Now, you would think that, since the nurses wanted progress, and progress meant contractions because contractions means opening up the doorway, we were on a good track.  Nope, they came in and were like "Ok, time to turn back on the pitocin."   So I had to say, well, no, we don't want to do that.  And I swear they looked at us like we were absolutely stupid.  I had to say, no, we want to consult with the doctor again.  It's not like the doctor was involved here.  We had to have them call him at home the night before to get to change our medicine (actually get them to turn it off).  Now we have to ask THEM to let US talk to OUR doctor.  And that seemed to piss them off again.  Why is it that we are PROBLEM patients because we are informed and know what we want?  Because they can't push us through the mill and get us out of there.  They were not in control.  But, neither were WE!  We knew that once the process started (and I mean the natural process that morning, the "real" contractions as I call them) it was just a matter of hanging on for the ride.  Sure enough, we got to proceed with out the medicine but were told if there wasn't "progress" we would have to turn it back on…Ok seriously?  Is that like, what, a threat?  There were many nurses who I would have gladly fired on the spot (for us personally, not their job, haha) but we said we understood and it didn't matter because we weren't turning the medicine back out without a court order anyway.  And it didn't matter because, as it turned out, we didn't need it.  

You see there is this giant digital clock in the room (or at least there was at our hospital) and that was not a mistake.  They used that to keep their control.  I know they need to know timing and stuff, but that damn clock was always right there, glowing red, for those hours that we weren't  making sufficient "progress."  It felt like we were "losing." Like this was some kind of battle?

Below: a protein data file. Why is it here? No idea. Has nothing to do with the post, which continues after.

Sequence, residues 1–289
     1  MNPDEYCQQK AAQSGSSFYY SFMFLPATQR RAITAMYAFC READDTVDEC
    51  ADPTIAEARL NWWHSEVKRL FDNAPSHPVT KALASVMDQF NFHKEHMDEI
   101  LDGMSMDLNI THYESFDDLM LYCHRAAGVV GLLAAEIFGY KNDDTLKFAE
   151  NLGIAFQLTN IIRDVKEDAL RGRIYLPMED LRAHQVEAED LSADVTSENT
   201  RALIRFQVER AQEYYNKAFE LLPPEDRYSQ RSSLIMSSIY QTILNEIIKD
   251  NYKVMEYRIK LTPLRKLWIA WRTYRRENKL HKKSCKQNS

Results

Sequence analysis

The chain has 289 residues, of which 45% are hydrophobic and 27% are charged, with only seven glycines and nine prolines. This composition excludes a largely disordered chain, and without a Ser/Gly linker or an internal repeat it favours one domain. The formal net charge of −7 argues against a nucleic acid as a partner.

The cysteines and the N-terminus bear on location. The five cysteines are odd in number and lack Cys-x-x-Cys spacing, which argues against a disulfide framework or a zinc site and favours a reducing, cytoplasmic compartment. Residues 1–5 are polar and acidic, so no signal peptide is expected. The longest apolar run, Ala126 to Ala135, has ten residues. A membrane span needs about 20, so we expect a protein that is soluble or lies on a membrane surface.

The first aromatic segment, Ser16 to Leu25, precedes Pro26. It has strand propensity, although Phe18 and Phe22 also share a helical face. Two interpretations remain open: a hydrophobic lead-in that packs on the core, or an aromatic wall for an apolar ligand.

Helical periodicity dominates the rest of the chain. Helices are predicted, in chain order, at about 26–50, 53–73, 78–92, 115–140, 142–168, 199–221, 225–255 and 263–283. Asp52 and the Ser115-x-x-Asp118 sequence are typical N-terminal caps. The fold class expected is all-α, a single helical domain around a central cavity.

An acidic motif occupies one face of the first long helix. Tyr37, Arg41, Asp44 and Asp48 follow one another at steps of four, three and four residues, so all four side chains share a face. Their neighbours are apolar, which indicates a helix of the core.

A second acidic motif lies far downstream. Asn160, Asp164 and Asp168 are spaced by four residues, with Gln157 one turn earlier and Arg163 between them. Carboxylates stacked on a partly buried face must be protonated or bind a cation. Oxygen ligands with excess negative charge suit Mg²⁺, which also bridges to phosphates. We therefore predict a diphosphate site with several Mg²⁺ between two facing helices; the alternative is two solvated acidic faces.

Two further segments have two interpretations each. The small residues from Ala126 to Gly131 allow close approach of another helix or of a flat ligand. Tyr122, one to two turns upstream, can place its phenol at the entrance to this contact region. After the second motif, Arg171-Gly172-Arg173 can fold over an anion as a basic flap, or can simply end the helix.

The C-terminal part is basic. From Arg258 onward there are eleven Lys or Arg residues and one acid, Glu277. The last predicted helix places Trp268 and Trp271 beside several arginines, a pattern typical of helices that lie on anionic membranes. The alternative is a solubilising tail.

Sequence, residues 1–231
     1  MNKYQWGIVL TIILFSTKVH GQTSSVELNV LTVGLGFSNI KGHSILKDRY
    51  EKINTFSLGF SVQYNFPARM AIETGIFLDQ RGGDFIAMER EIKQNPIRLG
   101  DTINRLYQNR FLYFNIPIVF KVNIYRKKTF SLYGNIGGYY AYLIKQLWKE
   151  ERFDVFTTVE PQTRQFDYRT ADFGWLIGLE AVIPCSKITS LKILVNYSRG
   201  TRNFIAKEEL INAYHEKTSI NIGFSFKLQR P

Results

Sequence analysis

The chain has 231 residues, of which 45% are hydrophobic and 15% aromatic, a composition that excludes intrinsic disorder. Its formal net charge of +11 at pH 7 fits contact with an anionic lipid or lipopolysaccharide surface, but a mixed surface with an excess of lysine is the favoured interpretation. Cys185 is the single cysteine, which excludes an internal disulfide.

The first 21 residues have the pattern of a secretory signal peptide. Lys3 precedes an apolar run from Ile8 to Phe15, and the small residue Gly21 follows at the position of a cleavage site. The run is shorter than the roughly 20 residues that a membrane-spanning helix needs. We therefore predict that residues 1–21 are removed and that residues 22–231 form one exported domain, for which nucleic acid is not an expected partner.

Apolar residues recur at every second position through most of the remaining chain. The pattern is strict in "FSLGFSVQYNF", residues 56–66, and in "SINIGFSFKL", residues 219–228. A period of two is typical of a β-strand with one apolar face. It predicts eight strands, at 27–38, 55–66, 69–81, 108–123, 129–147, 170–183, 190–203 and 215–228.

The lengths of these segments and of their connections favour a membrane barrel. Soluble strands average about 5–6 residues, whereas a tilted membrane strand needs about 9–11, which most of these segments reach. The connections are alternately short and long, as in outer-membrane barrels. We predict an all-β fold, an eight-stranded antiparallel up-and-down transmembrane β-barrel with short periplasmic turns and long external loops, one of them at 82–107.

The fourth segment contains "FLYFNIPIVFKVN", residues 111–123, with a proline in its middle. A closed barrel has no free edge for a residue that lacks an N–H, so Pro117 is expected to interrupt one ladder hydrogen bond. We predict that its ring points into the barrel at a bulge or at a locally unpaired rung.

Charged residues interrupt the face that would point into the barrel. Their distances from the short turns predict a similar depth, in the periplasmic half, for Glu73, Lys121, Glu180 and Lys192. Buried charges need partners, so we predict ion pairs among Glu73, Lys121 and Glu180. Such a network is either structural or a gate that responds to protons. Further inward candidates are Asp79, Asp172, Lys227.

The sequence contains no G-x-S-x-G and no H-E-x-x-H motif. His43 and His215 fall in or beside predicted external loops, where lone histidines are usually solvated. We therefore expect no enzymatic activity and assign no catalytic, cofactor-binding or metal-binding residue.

The thing is, it was, at many times a battle.  And truthfully, it wasn't just myself and Marissa.  I had Marissa's older sister (a birthing method teacher and 2x natural birth mom) and Marissa's mom (natural birth for all 4 of her children).  We had to take the hard route many times to get the birth that we wanted.  If Marissa had been by herself through all of that time, it would not have been the same.  She needed support, and even with the support that she did have, it was touch and go as to whether we were going to "lose" and have more intervention.
I totally understand wanting to birth at home.  I would be happy to never step foot into the Labor and Delivery ward again.  To let your in on how lucky we were to have gotten our OB (a last minute change we had decided RIGHT before Oliver came 4 WEEKS early) Dr. Brabson has gone on to form a Midwifery Center practice in the hospital we delivered at.  Obviously, he gets that mothers can have babies, that it is not convenient or fast, that intervention after intervention isn't necessary, but that if anything happens, a good OB Is great to have on your team.  

Sthere you have it.  Straight from the mouth of a man, a father, a husband.  I think it's pretty cool that he's so interested in these things.  I would love to do training to teach natural childbirth and I know he'd be there by my side teaching with me.  Sure it may seem that birth is a woman's thing but it's not.  Men are stepping up to the plate.  In the midst of birth; the pain, the joy who better to be at your side?  Who better to experience the best moment of your life with?  The elation, the joy, conquering what you knew you wanted.  Why would you want anyone other than your husband there to look to for help, reassurance, coaching with love and knowledge in the process.  He is truly irreplaceable and no one else can take his place and give quite the same result.